FBC-WSULeach

Washington State head coach Mike Leach watches his team practice during fall camp.

Midsummer, I imagine, is the worst time to be a Coug fan. Every number you stumble across tries to remind you that your team stinks.

Recruiting stats? Those can’t be fun.

In the past five years, Washington State has had two classes ranked ninth in the Pac-12, one ranked 10th, one ranked 11th — and sits 10th for 2020.

Pac-12 media polls? Even more of a bummer. Scribes predicted the Cougs would finish fifth in the six-team North Division in 2015, fourth in 2016, third in 2017, fifth last year, and fourth this year.

Success doesn’t seem to convince journalists that Wazzu can outperform the preseason eye test. And it hasn’t seemed to persuade blue-chippers to commit to coming to Pullman.

And yet, Apple Cups excluded, the Cougs have just kept on winning. The common denominator? Their pirate-loving, In-N’-Out-scarfing, occasional fake-mustache-wearing head coach.

When I started this job in 2015, Mike Leach’s seat was just a few degrees shy of boiling. After overseeing losing seasons in his first three years on the Palouse — two of which ended with a 3-9 record — Leach watched his Cougs fall to FCS program Portland State in the first game of the season. Washington State narrowly avoided a loss to Rutgers a week later, making it seem as if the hiring of Leach would end up as a waste of millions of dollars.

Then the victory train started rolling.

The Cougs won nine games that season, including one on the road versus 18th-ranked UCLA to crack the AP Top 25. They won eight games the next season — including seven in conference and one over No. 15 Stanford — and finished second in the Pac-12 North.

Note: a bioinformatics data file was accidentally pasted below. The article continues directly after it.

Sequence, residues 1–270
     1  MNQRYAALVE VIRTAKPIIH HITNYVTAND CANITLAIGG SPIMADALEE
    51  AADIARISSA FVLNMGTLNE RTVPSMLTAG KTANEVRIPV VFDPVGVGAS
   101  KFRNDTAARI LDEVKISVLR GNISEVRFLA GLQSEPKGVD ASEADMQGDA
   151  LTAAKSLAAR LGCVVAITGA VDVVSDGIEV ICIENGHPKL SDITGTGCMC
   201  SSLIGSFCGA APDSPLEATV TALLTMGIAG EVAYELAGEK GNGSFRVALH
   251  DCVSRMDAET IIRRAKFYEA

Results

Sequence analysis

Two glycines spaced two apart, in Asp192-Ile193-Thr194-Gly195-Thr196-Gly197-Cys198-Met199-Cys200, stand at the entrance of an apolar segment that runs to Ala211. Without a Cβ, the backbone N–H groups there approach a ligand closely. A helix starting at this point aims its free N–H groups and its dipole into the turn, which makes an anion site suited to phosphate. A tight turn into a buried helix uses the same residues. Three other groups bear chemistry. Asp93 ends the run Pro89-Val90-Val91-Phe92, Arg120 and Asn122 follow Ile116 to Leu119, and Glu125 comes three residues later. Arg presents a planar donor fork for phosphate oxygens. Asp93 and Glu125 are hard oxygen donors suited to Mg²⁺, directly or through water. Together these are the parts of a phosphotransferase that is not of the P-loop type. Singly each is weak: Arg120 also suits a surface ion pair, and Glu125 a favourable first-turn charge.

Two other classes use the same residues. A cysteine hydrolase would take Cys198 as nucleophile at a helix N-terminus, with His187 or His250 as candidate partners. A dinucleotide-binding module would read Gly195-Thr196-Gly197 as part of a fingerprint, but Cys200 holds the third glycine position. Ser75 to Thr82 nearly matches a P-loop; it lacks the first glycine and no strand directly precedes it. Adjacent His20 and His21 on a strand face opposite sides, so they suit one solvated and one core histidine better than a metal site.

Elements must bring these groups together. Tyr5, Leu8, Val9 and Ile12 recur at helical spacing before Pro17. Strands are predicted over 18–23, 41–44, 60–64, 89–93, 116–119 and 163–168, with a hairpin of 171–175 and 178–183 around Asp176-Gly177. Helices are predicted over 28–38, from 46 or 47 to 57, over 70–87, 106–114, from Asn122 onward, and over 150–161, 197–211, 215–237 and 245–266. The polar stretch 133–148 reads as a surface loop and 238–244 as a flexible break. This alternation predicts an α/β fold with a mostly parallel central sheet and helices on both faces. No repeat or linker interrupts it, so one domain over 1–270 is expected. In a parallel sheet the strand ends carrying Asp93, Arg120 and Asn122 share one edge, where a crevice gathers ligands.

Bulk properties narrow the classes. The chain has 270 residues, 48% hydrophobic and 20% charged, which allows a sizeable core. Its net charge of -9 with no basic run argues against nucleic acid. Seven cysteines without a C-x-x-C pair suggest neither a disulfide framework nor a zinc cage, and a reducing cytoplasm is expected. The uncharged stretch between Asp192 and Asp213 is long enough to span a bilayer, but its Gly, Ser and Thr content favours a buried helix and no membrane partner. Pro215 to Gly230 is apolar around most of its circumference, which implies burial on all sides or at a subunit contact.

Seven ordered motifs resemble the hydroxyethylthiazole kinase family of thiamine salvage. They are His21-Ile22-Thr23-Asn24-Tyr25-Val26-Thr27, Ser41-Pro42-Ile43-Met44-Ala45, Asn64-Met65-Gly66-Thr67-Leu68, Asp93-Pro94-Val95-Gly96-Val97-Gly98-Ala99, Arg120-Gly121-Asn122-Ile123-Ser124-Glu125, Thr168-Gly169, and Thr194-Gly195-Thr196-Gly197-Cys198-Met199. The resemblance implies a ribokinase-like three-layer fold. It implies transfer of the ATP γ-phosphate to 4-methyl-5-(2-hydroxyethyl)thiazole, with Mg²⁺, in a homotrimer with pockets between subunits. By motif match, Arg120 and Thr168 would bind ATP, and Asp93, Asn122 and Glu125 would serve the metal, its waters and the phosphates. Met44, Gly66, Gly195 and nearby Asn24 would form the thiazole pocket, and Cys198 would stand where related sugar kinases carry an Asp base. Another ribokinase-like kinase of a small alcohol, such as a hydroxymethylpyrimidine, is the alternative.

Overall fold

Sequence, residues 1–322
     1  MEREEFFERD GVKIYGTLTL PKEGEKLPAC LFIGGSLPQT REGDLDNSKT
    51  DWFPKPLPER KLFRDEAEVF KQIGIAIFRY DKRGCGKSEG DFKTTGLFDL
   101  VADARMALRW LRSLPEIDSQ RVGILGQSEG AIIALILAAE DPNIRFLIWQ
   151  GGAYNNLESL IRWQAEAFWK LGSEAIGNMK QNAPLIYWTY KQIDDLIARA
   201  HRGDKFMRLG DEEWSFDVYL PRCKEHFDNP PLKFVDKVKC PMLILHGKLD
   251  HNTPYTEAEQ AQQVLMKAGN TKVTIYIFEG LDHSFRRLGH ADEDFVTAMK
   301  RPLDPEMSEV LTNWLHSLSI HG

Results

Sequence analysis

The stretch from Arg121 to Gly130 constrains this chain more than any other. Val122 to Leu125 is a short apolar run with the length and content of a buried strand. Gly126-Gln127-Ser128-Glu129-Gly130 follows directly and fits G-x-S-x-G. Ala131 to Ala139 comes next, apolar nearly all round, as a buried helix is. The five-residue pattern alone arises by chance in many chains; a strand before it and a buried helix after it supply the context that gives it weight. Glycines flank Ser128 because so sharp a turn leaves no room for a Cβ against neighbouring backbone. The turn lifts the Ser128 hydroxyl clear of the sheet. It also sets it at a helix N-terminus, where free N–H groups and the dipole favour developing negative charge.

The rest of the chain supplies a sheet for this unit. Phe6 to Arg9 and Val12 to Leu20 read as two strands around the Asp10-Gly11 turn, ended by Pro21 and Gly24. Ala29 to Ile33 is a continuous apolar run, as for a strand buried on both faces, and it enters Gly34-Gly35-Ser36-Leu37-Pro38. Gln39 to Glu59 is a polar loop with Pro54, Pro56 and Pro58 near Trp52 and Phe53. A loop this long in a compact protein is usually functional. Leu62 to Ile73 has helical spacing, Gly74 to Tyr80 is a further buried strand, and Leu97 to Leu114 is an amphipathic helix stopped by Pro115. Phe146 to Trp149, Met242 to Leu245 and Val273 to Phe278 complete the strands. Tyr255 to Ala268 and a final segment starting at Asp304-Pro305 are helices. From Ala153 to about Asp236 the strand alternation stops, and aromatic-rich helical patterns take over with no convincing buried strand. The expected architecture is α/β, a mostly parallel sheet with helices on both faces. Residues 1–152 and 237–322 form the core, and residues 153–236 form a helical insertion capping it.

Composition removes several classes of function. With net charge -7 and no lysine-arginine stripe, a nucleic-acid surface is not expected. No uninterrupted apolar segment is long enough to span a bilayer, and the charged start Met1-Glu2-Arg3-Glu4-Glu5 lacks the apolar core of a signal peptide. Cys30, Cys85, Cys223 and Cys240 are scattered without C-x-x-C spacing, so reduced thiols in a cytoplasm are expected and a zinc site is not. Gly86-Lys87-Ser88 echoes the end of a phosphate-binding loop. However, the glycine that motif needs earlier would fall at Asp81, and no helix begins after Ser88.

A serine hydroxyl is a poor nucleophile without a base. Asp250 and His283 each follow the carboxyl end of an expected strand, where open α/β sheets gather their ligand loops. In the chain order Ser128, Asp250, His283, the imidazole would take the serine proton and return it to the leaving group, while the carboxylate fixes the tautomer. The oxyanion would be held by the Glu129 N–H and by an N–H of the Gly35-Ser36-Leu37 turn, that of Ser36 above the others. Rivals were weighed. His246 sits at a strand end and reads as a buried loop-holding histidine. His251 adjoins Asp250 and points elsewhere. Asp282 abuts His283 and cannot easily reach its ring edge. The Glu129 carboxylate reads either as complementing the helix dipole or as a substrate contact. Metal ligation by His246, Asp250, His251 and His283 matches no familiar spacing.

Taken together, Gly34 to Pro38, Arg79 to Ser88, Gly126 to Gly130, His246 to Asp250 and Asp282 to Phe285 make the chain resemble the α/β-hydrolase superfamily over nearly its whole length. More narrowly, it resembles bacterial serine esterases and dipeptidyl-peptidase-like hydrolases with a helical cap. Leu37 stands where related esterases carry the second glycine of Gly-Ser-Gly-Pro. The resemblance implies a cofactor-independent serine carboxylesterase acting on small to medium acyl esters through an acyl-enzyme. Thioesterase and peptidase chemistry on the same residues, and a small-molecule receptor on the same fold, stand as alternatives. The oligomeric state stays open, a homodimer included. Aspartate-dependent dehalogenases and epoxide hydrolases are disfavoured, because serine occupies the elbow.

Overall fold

They won nine games in 2017 — when they beat fifth-ranked USC and 18th-ranked Stanford — to earn a Holiday Bowl invitation. And they won 11 last year before ending up as the No. 10 team in the country.

Besides 2017, when it finished third in the North as predicted, Wazzu has skyrocketed above expectations over the past four seasons. The Cougs have compiled 37 wins in that span despite 104 of their 108 recruiting commitments garnering three stars or fewer.

I’ve often written about the success Huskies coach Chris Petersen has had with unheralded recruiting classes — particularly at Boise State and in his early days at Washington. But Leach’s resume is starting to look similar in that respect.

No, Leach’s Cougs aren’t repeatedly finishing in the AP Top 10 the way Petersen’s Broncos did. However, unlike Petersen’s Broncos, they have been forced to navigate through a Power Five conference.

Of course, WSU’s six-game losing streak at the hands of Washington will hang over the program until it finally wins an Apple Cup. It’s impressive that the Cougs have been one game away from playing for the conference championship in each of the past three years, but the fact that they’ve lost that game by an average of 23 points in that stretch sullies other accomplishments.

Leach was asked about said defeats after last November’s Apple Cup loss.

“Virtually every one of those times, nobody thought we were going to be there in the first place,” said Leach, whose Cougs host New Mexico State in their season opener Saturday. “I’m not sure that everyone of those years they (the media) didn’t have us having a losing season. And we never did that. So from that standpoint we’re more games over the mark than anybody else.”

That wasn’t something any Wazzu fans wanted to hear at the time. And it was probably laughable to Husky fans basking in yet another takedown of the Cougs. But it was true. WSU has never capitalized on putting itself in prime position in late November since Leach arrived, but it keeps making that final regular-season game meaningful.

Leach has certainly made himself susceptible to criticism over the years. One day it might be the way he talks about head injuries. Another day it might be the way he goes after a reporter who slights him. Another day it maybe his refusal to apologize for a doctored video.

Regardless of all that — it’s hard to deny that the man can flat-out coach.

Most casual football fans know Leach as the quirky entertainer who will wax poetic on just about any subject presented to him during a news conference. He can give life to any question you give him.

And lately, it seems he can do the same with any team you give him, too.